Tom Evslin famously said “nothing great ever happens without a bubble.” The worthy that survive enable the transformation we all desire.

    The only thing that concerns me is those that use puff metrics and ultimately create scorched earth for worthy startups. It’s not hard to find well-funded examples of that. Some are currently hoodwinking supposedly sophisticated investors.

    • John says:

      Yes Dave, and Kevin, I do realize that bubbles are a natural part of the maturation of a market and during the embryonic stage we do need cheerleaders to keep spirits high. I see these two things as one side of the, for lack of a better metaphor, scales of justice. We also need the other side of the scales near equally weighted with honest critique and assessment, which from my vantage point is far too infrequent.

      But I end up just chalking it up to our jobs/roles as industry analysts – making sense of it all and occasionally calling it out to keep those scales in balance.

      As an aside; at a recent user conference here in Boston I had the pleasure to hear Jeffery Brenner of Camden Hotspottter fame. He has personally seen what works and what doesn’t and just how broken the system is. His words of advice: “Nothing interesting will happen in the heart of the healthcare market – all the interesting things will occur on the edges, in places that most ignore – that’s where will find innovative approaches to delivering healthcare and possibly a solution to some of the challenges we now face.”

      Caveat – of course that was a paraphrase of what he said – I don’t have that good a memory, but is the gist of it.

      • Dave Chase says:

        John – I have no problem with the balance. It’s always needed. It’s to be expected that conferences are of a cheerleading nature. I hope you shine the light of scrutiny on some of the later stage, well-funded puffery. I have no problem when a company paints the rosiest picture possible…it’s when they step well over that and ultimately harm the companies that will follow their inevitable crash down to earth.

        I couldn’t agree more with Brenner’s comments. It’s one of the reasons I have OCD on DPC (Direct Primary Care) — it’s one of the few areas I see wholesale change and the true Triple Aim being achieved.

        • John says:

          I’m with you Dave. We certainly won’t see it come from the large HCOs of today as they are too wedded and encumbered to existing models of care delivery. Sure, they’ll have their place in the future but it will be a far cry from what we see today.

      • Kevin Yen says:

        I find your quote of Jeffrey Brenner very encouraging, especially coming from an honest analyst 🙂

        I am one of those working “on the edges” as my background is more classic tech (Google/ YouTube/ Netscape 10+ years) than healthcare (3+ years).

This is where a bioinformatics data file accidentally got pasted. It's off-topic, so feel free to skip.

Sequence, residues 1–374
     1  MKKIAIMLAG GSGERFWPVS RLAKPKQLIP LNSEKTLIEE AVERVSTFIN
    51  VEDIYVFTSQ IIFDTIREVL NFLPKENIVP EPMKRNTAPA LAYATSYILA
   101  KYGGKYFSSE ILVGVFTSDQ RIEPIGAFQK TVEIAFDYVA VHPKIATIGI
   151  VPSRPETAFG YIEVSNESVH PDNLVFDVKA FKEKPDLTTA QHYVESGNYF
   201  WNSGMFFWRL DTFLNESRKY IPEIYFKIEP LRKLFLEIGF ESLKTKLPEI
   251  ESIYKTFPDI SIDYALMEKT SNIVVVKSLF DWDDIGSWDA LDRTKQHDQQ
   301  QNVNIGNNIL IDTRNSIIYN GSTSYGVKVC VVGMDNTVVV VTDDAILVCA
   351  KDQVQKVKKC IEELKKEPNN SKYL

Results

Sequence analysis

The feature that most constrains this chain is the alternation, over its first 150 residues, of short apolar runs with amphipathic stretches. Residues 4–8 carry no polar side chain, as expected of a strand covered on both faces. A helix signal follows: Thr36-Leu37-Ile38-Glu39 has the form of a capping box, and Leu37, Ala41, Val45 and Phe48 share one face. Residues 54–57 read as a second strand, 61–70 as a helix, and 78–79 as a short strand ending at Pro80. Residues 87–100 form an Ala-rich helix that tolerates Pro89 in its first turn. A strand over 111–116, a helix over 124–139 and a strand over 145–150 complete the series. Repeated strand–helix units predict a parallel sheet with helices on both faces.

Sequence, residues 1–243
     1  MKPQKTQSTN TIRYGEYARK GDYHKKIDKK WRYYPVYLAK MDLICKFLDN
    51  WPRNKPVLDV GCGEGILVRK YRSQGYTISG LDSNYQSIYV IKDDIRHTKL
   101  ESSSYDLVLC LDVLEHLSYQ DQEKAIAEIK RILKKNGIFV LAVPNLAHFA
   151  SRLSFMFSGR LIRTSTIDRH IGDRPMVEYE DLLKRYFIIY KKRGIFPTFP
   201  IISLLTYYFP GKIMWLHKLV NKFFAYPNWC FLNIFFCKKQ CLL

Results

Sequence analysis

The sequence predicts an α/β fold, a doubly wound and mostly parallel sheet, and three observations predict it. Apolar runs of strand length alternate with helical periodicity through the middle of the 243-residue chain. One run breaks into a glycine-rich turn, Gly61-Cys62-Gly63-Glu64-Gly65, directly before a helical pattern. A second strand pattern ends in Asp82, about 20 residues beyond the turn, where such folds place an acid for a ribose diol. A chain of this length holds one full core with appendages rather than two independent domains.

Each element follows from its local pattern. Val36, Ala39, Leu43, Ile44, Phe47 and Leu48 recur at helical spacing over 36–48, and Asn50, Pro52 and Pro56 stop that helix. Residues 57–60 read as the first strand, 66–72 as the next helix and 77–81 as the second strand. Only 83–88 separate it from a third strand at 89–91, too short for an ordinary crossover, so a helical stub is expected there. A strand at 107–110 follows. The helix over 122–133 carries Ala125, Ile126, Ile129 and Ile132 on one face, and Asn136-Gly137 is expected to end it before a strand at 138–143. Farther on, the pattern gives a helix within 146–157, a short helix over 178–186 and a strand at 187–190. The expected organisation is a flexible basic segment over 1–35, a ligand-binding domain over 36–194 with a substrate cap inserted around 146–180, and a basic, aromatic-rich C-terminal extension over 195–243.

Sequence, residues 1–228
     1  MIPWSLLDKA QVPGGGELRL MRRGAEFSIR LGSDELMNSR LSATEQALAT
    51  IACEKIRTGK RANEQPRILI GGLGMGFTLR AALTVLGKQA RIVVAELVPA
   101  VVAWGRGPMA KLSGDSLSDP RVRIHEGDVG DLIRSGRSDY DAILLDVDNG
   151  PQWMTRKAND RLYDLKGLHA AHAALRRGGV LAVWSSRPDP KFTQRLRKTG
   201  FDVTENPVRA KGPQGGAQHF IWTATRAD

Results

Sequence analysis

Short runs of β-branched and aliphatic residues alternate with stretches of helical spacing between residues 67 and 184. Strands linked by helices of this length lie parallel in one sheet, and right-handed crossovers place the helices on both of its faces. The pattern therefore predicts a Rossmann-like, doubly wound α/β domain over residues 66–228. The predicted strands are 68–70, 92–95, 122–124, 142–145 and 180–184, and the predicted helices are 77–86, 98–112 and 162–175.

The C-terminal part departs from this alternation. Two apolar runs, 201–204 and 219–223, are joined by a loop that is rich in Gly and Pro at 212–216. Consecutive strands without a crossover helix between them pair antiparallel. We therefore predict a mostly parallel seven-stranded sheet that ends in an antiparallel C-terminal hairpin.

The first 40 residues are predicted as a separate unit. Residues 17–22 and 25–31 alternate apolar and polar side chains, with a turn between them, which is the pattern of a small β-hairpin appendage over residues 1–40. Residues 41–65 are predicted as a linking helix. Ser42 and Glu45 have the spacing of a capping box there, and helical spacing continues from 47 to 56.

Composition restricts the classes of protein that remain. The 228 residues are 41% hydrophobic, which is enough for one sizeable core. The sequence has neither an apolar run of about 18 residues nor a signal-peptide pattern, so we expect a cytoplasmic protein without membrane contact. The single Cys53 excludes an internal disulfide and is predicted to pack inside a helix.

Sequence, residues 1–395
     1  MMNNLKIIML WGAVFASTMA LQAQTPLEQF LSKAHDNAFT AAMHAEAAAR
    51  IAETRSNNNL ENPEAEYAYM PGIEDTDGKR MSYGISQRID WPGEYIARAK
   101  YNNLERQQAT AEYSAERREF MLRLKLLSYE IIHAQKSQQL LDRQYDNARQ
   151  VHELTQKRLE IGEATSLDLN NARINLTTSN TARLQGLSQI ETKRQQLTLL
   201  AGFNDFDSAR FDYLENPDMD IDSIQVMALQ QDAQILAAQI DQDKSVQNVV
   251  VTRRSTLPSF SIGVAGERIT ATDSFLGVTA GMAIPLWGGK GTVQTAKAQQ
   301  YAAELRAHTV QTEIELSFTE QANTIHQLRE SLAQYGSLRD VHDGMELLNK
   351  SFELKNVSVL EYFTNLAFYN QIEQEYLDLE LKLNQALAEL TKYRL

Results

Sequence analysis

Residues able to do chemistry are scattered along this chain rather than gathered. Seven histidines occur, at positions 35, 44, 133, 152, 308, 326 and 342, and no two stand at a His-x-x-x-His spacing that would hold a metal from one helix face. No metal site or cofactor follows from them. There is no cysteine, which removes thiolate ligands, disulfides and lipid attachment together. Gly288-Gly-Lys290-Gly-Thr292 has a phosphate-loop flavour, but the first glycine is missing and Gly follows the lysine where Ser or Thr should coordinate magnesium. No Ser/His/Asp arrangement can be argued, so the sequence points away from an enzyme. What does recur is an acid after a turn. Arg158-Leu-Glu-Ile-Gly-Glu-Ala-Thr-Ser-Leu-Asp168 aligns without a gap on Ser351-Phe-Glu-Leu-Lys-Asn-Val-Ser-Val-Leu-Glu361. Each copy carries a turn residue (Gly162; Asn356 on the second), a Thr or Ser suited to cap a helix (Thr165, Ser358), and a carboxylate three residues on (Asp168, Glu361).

I’m working my hardest to ensure our public launch adds more to the maturation of the industry and less to any hot air in the bubble.

        • John says:

          Hi Kevin,
          Like you, I am not from healthcare sector but came over from mfg where I saw what IT can do to operations if used wisely. It never ceases to amaze that for an industry that is so knowledge intensive, that the use of IT is so exceedingly poor. I truly do believe that IT will play a role and hopefully folks like you and I that have no preconceived notions of what is and is not possible, can make a difference. My only fear is that too much noise, often covers the signal beneath that really needs to be seen and heard by others. In wellness, there is a heck of a lot of noise.

          Thanks for joining the conversation and do keep me/us at Chilmark Research posted on your progress as I see a key role of an analyst firm is to adjust the signal to noise ratio.

  2. Kevin Yen says:

    I enjoyed your article, as usual. I value well-grounded assessments, which are too rare on the interwebs.

    I also do value and respect the role of the early, vocal cheerleaders (here and in most industries undergoing transformation). It’s a tough job with lots of public vulnerability.

    Though they can’t all be right in their timing, a few will succeed, and I give them all collective credit for helping us get there faster.

    And combined with well-grounded assessments such as yours, we’ll get there fastest 🙂


  3. Tyler Hayes says:

    Until I read this post I thought I was a bit alone in having these thoughts. Really glad to see someone else looks at these events with equal curiosity and skepticism. I wrote a bunch of critical thoughts on Blue Button itself at http://electronichealthreporter.com/thoughts-on-blue-button-6-reasons-why-it-lacks-adoption-and-its-troubled-future/ and I feel OK saying I’d safely extrapolate each of those thoughts to the industry as a whole. Especially the modern health tech movement (both software and hardware).

    Talking the talk is fine by me, as long as people are walking the walk first. We need more walkers and more walking.

    • John says:

      Tyler, thanks for chiming in and yes, you are not alone. After such a post I tend to get quite a few direct emails expressing similar views or at least thanks to us for providing a clear, realist view of what transpired at any conference we may attend – including Health 2.0.

      Read you article on Blue Button and while I agree with much of it, would be cautious to level those six reasons across the industry as a whole. And as to Blue Button itself, for the last couple of years we have asked HIE vendors who can implement Blue Button. First year we asked, about a third said yes. This year it was closer to 80%. Problem is, as one executive put it to me: we did nice to support ONC’s, CMS’s and the VA’s efforts. However, not one single client has asked for it (this was an HIE vendor that sold into the private, enterprise market. In the public arena, some state-wide HIEs have Blue Button on their roll-out map, after physician engagement. Stay tuned.

  4. John:

    Not sure if you plant me in the ‘cheerleading bucket’ or not, but how bout going live with us (Pat Salber & me) on this week in health innovation.

    I’ve been tweeting and blogging since 2008 about the unintentional dis-service many in the health 2.0 developer community may be serving albeit under the auspices of presumptive ‘patient empowerment’ agenda that really serves the continuation of a cost shifting charade from the plan sponsor to the beneficiary under the banner of ‘consumer directed’ aka high deductible, health plans.

    Lets talk about the elements of your critique and some of the conclusions you draw. We schedule on Wednesday at 1PM Eastern. You game?

    • John says:

      Hi Gregg,
      Sounds interesting though pretty tight time schedule leaving me little time to actually prepare which may lead to some cringes from your audience.
      DM me via twitter and we can go from there.